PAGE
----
Cancer Commons Helps Patients Benefit from Clinical Trials

For many years, people with advanced cancer who turn to Cancer Commons have benefitted from working with Chief Scientist Emma Shtivelman, PhD. Here, she shares three patients’ stories.

Curious Dr. George: You have helped many hundreds of patients with advanced cancer to feel valued, to better understand their disease and their clinical situation, and to explore their options. Will you please share with our readers a few de-identified examples of patients who benefited from your assistance?

Emma Shtivelman, PhD: In my years of work with numerous advanced cancer patients, I have experienced many sad developments—as expected when dealing with advanced cancers—but also some moments of satisfaction with the results of my efforts. Here are a few examples:

Case 1: A 64-year-old woman came to us with triple-negative breast cancer metastatic to her lung and significant thoracic lymphadenopathy. She had been treated with two lines of chemotherapy and stereotactic body radiation therapy (SBRT) to her lung tumors, with poor response. Cancer Commons suggested and facilitated mutational analysis through our partner Tempus, which showed a TP53 mutation and RB1 copy number loss, as well as amplification of several genes, including PD-L1 and PD-L2. PD-L1 protein was, however, negative in immunohistochemistry (IHC) testing.

At this time, a single scientific publication documented a high rate of durable responses to anti-PD-1 drugs in solid tumors that have amplification of PD-L1/L2 (a very rare event), even in the absence of detectable PD-L1 protein. Based on these results, I suggested to the patient that she seek enrollment in a clinical trial known as DART, which offers the immune checkpoint drug nivolumab with or without the drug ipilimumab for rare tumors and includes a patient cohort specifically for people with PD-L1 amplification.

The patient started treatment with nivolumab and had a remarkable response, with resolution of her lung tumors and significant reduction of her lymphadenopathy. Now, more than two years later, she is maintaining this remarkable response with some slightly enlarged mediastinal lymph nodes as the only sign of cancer.

Case 2: I began working with a 58-year-old woman with metastatic endometrial cancer after she had received three lines of chemotherapy, followed by recurrence each time. Next-generation sequencing (NGS) analysis of tumor DNA detected loss of function mutations in ARID1A and ATM, as well as amplification of HER2.

At this time, the U.S. Food and Drug Administration (FDA) had approved the drugs pembrolizumab and lenvatinib as treatment for endometrial cancer, and this was planned as the next line of treatment for her. I suggested she also consider treatment in two trials, with the more preferable one offering the drug ceralasertib (an ATR inhibitor) in combination with trastuzumab deruxtecan (an antibody drug conjugate to HER2 with so-far unsurpassed activity in HER2+ breast cancers). Ceralasertib has shown significant activity in ARID1A-deficient endometrial cancer patients. This combination would have been a perfect fit for the patient based on DNA alterations present. The second trial I found offered ceralasertib as monotherapy.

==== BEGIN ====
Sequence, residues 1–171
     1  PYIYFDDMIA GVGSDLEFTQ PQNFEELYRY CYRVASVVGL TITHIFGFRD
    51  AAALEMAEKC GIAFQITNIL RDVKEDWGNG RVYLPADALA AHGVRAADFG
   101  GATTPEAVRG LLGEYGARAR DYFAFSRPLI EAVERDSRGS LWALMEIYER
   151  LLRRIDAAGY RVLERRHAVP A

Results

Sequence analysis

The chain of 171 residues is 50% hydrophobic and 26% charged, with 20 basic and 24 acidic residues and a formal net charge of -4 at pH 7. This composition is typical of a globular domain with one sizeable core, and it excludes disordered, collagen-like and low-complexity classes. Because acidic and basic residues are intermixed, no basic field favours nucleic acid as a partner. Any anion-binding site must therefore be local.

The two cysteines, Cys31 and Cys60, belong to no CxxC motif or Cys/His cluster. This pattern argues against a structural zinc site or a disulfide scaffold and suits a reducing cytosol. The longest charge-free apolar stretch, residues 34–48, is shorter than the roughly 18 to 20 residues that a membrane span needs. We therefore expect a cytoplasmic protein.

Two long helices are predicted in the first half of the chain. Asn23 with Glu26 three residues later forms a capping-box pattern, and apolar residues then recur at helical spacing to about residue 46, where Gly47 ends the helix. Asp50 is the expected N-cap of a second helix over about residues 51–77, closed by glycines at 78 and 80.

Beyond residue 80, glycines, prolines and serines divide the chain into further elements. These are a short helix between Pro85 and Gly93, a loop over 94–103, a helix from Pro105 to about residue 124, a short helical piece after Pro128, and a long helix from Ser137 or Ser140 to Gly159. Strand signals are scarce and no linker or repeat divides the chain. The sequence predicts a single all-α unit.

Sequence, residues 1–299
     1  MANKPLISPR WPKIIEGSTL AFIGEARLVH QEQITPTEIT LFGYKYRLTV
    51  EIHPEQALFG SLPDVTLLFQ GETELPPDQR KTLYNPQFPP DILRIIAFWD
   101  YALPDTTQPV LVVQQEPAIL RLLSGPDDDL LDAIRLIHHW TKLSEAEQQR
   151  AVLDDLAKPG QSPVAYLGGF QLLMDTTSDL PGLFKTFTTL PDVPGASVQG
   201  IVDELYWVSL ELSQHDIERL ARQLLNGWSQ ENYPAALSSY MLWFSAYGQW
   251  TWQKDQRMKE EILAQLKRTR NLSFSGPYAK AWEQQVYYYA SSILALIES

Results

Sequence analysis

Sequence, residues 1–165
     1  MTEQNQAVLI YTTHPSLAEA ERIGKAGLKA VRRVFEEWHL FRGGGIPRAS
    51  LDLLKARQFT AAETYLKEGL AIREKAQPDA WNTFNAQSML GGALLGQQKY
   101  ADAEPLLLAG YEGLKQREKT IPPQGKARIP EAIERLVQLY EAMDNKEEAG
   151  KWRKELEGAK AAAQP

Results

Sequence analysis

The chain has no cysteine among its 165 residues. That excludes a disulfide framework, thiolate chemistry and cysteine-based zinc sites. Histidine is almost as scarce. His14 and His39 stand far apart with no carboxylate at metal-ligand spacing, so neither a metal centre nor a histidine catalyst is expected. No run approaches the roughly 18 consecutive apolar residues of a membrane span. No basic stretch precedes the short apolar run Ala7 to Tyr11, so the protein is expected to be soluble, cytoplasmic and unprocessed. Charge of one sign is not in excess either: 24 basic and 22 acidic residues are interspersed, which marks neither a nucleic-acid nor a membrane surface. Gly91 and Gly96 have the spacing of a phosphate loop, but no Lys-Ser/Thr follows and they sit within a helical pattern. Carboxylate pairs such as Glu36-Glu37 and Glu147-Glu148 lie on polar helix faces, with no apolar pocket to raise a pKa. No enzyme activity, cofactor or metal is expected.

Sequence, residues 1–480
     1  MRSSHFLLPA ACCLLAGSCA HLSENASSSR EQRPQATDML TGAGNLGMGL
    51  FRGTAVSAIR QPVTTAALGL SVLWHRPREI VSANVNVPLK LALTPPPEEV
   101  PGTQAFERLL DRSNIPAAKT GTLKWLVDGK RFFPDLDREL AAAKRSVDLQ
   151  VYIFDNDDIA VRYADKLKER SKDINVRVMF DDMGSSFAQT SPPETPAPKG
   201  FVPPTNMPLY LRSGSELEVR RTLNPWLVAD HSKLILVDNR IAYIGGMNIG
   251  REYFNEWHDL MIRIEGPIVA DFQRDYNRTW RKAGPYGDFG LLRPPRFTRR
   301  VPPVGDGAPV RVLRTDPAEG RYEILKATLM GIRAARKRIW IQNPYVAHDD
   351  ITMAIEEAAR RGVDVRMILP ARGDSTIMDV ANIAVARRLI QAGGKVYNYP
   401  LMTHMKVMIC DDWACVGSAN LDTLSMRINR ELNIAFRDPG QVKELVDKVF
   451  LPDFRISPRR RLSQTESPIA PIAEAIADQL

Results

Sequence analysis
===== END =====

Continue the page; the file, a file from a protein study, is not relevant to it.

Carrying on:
Unfortunately, the first trial never responded to the patient’s email or calls, but she successfully enrolled in the second trial, with ceralasertib as monotherapy. Treatment for 5 months led to a 75% decrease in her serum cancer markers and a 45% decrease in tumor burden by RECIST criteria. Her response is ongoing.

Case 3: A 69-year-old woman was diagnosed with recurrence of HPV-related anal squamous carcinoma. She had initially been diagnosed with localized anal cancer 5 years earlier, which was treated with radiation and chemotherapy. In subsequent years she experienced 4 oligometastatic recurrences in lungs and one in the rectum, which were treated with surgeries, radiation, and chemotherapy. In 2019 three metastatic tumors were detected in her lungs.

I suggested some trials—including one known as Hestia—offering HPV E6/7 specific T cells (T cells isolated from peripheral blood and stimulated with HPV peptides). The patient has now undergone treatment in Hestia with a complete response, and remains disease-free almost 3 years later. Apparently, she was the only patient who had a durable response to this trial treatment.


Dr. Shtivelman can be reached at emma@cancercommons.org.

Related links:

Behind the Scenes at Cancer Commons: Working with Patients

Compassion Drives Emma Shtivelman’s Work with Cancer Patients

Demystifying Cancer Biomarkers: Webinar Recap

A message from Curious Dr. George:

The goal of Cancer Commons is to help patients identify and access their best possible treatments, one patient at a time, while moving the field forward. If you have advanced cancer, let our molecular oncology Scientists provide personalized information about your options.

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